Georgia ‘lost chance for sovereignty’ – Moscow
The US opposed Georgia’s “foreign agents” bill because Washington does not want the country to have political sovereignty, Vyacheslav Volodin, the speaker of the State Duma, the lower house of Russia’s parliament, said on Friday.
He argued that the legislation, which was withdrawn after protests and clashes with police in Tbilisi, was aimed at limiting Washington’s ability to meddle in Georgia’s affairs.
“Washington has used the tools of soft power to lead people to the streets. The Georgian authorities were forced to submit – not to the will of the people, but to the United States,” Volodin claimed in a post in his Telegram channel.
The politician said the bill was “unacceptable for the US” because it would have “restricted Washington’s influence on the country’s internal political affairs.”
“With its withdrawal by the parliament, Georgia has lost the chance for sovereignty,” Volodin said.
On Friday, Georgian Dream and People’s Power, two of the country’s ruling parties, withdrew the Transparency of Foreign Influence Bill, also dubbed the ‘Foreign Agents Law.’ They said the bill had led to “divisions in society” and that its intent and purpose has been distorted by “a machine of lies.”
The proposed law would have required individuals, NGOs and media outlets that receive 20% or more of their funding from abroad to register as “an agent of foreign influence” with the Georgian Justice Ministry, according to Reuters. Offenders would have faced fines and up to five years in prison for failing to comply.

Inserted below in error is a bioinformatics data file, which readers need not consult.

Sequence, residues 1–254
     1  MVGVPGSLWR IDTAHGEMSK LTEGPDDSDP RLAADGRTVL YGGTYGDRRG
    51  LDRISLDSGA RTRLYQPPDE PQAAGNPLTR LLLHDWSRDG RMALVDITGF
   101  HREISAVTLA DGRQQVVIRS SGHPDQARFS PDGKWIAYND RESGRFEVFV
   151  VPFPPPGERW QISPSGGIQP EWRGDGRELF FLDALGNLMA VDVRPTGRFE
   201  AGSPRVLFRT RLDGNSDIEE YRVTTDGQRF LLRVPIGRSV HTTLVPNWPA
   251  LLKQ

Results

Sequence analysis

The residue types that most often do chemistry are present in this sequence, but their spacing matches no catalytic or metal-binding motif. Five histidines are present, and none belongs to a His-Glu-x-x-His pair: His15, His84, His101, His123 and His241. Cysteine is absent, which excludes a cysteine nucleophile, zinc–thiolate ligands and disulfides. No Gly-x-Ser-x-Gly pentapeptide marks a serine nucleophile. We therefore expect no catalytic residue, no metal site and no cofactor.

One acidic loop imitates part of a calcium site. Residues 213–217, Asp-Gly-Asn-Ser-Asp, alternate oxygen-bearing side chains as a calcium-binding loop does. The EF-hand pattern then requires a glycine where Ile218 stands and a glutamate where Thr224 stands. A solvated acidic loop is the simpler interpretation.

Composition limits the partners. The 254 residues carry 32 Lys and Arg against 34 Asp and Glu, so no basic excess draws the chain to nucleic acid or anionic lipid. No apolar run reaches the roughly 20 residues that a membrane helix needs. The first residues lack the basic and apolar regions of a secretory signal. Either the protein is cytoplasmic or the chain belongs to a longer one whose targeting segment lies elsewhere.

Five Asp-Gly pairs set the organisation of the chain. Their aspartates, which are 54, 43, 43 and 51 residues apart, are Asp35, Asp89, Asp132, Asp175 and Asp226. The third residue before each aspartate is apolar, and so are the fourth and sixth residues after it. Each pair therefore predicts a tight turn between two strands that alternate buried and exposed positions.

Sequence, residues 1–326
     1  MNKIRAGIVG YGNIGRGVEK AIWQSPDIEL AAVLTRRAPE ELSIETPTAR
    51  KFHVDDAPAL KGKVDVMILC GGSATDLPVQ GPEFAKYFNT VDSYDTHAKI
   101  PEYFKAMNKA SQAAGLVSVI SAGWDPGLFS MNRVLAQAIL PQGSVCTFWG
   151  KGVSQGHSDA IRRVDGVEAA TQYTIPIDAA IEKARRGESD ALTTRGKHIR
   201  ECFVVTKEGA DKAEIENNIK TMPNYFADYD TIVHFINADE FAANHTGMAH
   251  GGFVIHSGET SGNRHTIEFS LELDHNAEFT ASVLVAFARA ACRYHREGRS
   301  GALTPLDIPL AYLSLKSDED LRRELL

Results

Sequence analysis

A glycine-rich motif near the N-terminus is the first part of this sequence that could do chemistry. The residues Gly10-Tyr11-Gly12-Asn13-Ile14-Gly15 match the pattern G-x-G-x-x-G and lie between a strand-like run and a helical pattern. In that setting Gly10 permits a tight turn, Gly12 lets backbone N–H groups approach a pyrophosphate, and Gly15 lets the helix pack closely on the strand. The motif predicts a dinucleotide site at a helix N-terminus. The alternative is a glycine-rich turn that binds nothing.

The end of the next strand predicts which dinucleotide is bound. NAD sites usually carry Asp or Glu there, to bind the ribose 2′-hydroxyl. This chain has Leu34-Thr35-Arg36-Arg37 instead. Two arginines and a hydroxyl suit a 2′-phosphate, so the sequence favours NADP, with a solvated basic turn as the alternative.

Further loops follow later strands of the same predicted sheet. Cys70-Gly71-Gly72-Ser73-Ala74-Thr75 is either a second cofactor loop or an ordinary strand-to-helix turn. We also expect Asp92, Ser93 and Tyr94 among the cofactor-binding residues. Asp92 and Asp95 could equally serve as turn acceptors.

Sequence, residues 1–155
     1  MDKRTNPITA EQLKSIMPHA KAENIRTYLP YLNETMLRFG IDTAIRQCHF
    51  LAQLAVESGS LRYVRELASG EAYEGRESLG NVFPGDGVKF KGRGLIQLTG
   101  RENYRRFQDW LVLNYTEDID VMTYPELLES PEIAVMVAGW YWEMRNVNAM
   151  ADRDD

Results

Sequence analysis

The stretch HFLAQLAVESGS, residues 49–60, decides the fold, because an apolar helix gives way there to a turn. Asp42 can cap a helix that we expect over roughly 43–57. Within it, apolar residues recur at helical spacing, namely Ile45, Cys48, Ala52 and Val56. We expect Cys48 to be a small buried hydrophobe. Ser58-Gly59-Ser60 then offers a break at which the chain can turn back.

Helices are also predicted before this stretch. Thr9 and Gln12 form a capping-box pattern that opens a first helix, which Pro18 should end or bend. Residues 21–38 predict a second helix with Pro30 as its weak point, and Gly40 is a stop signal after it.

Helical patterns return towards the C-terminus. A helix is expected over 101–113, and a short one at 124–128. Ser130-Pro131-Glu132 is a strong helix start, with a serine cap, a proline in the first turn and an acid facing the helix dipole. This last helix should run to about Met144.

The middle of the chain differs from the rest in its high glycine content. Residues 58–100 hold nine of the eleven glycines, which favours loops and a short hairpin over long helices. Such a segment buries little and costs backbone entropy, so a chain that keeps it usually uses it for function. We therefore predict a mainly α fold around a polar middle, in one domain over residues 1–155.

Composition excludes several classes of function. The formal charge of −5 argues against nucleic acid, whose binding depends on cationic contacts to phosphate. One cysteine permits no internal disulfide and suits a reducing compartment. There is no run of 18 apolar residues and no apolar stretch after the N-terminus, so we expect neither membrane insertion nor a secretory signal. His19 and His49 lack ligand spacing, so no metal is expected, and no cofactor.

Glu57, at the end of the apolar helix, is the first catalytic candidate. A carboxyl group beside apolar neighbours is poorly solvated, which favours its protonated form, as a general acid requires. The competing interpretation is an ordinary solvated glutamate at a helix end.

The bill was condemned by Washington, the EU and NATO. US State Department spokesman Ned Price voiced concerns about “the potential implications of this law for freedom of speech and democracy in Georgia” and warned that its adoption “could potentially undermine Georgia’s Euro-Atlantic integration.”
Price later welcomed the decision to withdraw the draft law and urged MPs to “officially retract this bill and not to further this type of legislation.”
Proponents of the bill argued that it resembled the US Foreign Agents Registration Act (FARA), a 1938 law that requires individuals and organizations to register as “foreign agents.” Opponents, however, claimed that the bill was inspired by a similar law in Russia that was passed in 2012.